When Paul came face to face with Jesus, he realized that he had been persecuting the Lord. Jesus made a declaration that speaks to every sinner from across the expanse of time: “I am Jesus whom you are persecuting. It is hard for you to kick against the pricks” (Acts 9:5). Let’s think of Paul’s credentials. He was a Hebrew’s Hebrew and a Pharisee (Phil. 3:5). He studied at the feet of Gamaliel, being taught according to the perfect manner of the law (Acts 22:3). Paul had to have been putting the pieces of the puzzle together of his own. This Jesus was the Messiah. How long had Paul kicked against the pricks of his conscience?

Paul’s Damascene Road experience showed who and what he was: a sinner guilty of crucifying the Christ. Every sinner must have this kind of experience before conversion can ever take place. Now that Paul was enlightened, he realized that he must do something to rectify his situation (Acts 22:10).

Calling On The Name Of The Lord

Just because we have our own Damascene Road experience does not mean we are converted. Paul experienced divine blindness on the road to Damascus that caused him to focus on himself and the actions of his lie. We must have our own blindness of a sort that causes us to be introspective and take inventory of our actions and life as well. IF all we have is a Damascene Road experience then we, like Paul, are simply blind and ignorant as to what to do to rectify our current situation (Acts 22:10-11). Paul was totally dependent upon the provision of Jesus to be converted and saved. Jesus provided the way, but Paul had to take action via the proper response.

Jesus’ Provision. Jesus gave Paul instructions to go to Damascus on Strait Street where Paul would wait for a commissioned evangelist to inform him on how to obey the gospel call (Acts 22:10). Just like the evangelist Ananias was personally commissioned by Jesus, Christians today are commissioned by Jesus to find people who are needing to be converted and tell them what they must do (Matt. 28:18-20). Now that Paul received instruction it was up to him to do it.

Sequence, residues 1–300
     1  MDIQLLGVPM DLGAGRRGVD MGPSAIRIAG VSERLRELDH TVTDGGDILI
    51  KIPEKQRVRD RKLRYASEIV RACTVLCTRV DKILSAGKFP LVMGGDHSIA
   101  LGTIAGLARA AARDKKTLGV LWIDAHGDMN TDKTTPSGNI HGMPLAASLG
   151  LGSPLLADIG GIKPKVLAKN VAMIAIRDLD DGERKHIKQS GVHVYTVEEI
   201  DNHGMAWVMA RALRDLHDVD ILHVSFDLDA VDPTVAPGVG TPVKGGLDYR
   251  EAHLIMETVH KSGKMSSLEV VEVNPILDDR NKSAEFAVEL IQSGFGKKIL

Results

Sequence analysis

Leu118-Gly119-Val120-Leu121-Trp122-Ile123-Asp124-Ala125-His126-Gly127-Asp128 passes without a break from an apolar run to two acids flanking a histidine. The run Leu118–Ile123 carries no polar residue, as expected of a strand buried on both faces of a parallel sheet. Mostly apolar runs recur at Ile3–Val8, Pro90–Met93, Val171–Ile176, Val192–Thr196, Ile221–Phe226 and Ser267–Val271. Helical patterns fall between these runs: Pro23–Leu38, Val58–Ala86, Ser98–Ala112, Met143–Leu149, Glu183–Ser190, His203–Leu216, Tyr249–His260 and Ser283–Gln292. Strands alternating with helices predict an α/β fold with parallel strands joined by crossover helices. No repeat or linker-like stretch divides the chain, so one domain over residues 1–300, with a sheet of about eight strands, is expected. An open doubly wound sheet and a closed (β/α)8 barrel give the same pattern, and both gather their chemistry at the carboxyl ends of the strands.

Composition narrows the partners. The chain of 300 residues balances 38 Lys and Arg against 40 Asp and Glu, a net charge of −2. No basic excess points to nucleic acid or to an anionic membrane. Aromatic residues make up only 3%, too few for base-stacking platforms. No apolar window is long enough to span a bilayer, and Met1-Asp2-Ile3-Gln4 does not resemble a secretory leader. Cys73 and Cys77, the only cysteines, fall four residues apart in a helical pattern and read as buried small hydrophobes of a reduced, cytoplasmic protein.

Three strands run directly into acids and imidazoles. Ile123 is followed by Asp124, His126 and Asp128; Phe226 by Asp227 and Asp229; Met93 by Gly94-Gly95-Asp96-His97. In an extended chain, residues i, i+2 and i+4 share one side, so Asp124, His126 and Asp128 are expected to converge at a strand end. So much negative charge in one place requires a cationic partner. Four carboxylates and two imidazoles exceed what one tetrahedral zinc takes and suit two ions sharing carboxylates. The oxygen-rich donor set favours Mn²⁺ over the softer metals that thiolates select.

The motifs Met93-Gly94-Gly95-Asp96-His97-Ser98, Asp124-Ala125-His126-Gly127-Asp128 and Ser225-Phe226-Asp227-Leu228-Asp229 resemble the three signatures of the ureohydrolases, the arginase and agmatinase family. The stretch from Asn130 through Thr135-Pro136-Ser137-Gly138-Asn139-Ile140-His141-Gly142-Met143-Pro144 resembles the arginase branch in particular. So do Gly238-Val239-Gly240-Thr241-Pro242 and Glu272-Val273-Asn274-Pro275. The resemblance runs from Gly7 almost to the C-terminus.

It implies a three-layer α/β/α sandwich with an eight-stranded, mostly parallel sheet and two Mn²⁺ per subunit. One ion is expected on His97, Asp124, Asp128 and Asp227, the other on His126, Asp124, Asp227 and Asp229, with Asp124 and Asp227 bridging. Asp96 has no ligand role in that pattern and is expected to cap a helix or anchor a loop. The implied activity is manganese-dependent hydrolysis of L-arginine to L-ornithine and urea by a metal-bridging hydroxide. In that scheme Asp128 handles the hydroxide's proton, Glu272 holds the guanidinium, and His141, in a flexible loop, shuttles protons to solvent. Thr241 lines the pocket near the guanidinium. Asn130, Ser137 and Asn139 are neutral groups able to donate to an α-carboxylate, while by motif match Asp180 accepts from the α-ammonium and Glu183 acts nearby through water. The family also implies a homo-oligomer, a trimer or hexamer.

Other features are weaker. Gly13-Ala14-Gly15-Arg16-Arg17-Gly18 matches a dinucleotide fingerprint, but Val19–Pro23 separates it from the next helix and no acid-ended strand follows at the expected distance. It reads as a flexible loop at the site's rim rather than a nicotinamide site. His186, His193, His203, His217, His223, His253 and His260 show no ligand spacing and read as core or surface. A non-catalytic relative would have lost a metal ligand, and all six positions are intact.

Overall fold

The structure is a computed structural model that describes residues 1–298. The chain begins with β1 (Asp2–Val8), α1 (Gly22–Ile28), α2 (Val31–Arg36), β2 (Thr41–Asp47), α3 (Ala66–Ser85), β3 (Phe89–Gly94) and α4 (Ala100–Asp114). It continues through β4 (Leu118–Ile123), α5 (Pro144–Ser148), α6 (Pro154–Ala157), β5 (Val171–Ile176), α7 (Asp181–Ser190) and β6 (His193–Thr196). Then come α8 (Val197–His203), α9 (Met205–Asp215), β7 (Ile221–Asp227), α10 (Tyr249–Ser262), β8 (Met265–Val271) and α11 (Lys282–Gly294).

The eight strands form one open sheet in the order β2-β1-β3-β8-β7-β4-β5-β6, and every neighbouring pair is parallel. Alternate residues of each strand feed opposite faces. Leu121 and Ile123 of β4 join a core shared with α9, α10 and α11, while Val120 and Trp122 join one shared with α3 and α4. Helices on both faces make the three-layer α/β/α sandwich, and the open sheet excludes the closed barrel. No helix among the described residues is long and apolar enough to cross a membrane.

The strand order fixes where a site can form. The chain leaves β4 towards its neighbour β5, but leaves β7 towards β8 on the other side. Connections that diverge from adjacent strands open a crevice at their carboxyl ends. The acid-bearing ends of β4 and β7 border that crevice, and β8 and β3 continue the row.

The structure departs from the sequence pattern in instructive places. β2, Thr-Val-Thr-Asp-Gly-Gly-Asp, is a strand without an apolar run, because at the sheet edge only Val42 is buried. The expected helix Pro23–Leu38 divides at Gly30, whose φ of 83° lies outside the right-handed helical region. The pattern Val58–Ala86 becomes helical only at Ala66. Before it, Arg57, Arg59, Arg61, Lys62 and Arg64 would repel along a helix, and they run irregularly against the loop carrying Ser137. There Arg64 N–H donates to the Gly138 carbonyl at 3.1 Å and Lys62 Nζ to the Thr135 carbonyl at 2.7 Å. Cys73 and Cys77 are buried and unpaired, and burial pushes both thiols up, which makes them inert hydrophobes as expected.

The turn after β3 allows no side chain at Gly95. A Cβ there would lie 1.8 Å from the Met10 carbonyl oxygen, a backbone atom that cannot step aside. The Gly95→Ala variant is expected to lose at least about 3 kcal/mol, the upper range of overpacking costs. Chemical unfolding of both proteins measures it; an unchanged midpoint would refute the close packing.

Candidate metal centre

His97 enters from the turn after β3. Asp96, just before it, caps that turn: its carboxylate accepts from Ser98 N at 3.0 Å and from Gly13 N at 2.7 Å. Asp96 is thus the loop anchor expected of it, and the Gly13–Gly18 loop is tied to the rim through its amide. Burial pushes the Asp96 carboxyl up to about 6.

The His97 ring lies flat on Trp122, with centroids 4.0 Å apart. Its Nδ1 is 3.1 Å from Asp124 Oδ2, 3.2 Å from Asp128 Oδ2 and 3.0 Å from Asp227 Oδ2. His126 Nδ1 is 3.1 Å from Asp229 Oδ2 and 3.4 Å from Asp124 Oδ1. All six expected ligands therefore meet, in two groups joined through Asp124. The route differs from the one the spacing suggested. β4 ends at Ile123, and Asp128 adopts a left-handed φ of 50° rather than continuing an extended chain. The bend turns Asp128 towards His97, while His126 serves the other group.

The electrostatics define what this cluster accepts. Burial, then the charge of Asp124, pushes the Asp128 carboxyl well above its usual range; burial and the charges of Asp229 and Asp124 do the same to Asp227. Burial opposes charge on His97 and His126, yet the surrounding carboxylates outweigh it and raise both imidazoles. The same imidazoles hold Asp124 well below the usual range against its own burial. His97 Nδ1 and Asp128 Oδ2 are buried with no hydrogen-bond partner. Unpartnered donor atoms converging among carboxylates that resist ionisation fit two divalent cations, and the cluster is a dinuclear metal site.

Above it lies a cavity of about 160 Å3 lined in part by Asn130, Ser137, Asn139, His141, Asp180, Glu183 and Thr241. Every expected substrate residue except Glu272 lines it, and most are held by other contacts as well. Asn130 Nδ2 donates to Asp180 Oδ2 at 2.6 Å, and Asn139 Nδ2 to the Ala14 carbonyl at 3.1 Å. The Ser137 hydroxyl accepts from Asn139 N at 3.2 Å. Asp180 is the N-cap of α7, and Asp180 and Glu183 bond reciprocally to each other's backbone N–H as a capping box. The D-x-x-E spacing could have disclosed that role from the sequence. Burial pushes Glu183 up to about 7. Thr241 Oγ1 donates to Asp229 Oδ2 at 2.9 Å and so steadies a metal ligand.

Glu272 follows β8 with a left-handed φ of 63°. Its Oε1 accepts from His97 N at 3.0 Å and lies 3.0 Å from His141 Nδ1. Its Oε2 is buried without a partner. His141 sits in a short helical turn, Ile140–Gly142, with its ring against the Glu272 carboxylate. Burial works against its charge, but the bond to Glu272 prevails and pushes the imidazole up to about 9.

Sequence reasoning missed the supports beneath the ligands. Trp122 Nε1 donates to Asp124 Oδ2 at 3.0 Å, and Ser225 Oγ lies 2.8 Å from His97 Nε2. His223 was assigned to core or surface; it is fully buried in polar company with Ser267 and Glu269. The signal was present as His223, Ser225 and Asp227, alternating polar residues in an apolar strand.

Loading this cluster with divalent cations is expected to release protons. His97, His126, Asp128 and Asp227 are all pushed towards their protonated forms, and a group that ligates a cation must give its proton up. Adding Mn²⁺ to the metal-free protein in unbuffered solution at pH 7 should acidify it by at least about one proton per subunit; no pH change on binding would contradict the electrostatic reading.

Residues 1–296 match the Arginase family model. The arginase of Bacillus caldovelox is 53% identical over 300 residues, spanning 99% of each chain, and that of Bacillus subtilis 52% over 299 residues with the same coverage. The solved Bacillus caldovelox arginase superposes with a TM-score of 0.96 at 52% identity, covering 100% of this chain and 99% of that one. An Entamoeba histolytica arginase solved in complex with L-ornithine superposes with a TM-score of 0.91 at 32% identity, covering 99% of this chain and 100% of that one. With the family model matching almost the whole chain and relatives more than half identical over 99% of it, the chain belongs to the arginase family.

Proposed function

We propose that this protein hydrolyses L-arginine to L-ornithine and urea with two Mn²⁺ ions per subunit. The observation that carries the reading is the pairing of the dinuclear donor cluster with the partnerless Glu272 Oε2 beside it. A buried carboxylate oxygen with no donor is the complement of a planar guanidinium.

Paul’s Response. Paul was told to do three things immediately: arise, be baptized, and wash away his sins (Acts 22:16). All three of these things are all included in the necessary act of calling on the name of the Lord. No person has ever been saved outside of calling on the name of the Lord. Paul did exactly what we must do today. Every sinner seeking salvation must get up and take action, submit to being baptized, and wash away his sins. Jesus has provided the way for us to do this. We, like Paul, must take advantage of this precious provision.

To be approved of God, our conversion must be the same as Paul’s. Paul had his Damascene Road experience and took advantage of the provision of Jesus. There is no way on earth to be converted to Jesus unless we follow in Paul’s footsteps. If we do what he did, we can have what he had: salvation.

Tony preaches at the Bay Church of Christ in Bay, AR.

The Conversion Of The Ethiopian — Cougan Collins

Philip, the evangelist, had just finished a great work in Samaria converting many to Christ, including a “sorcerer”. His next mission would be one individual (Acts 8:26). God used an angel to direct Philip to the right location to meet a man who was ready to hear the gospel. Angels are used in many ways, but they were never used to proclaim the gospel to the lost (Acts 11:13-14). He is told to go south toward the road that goes between Jerusalem and Gaza. Gaza is one of the oldest places mentioned in the Bible (Gen. 10:19).

Philip does not argue with the angel; he arose and went (vs. 27-28). The eunuch was the treasurer of Queen Candace. All the queens of Ethiopia were called Candance, similarly to how the rulers of Egypt were called Pharaoh and the rulers of Rome were called Caesar.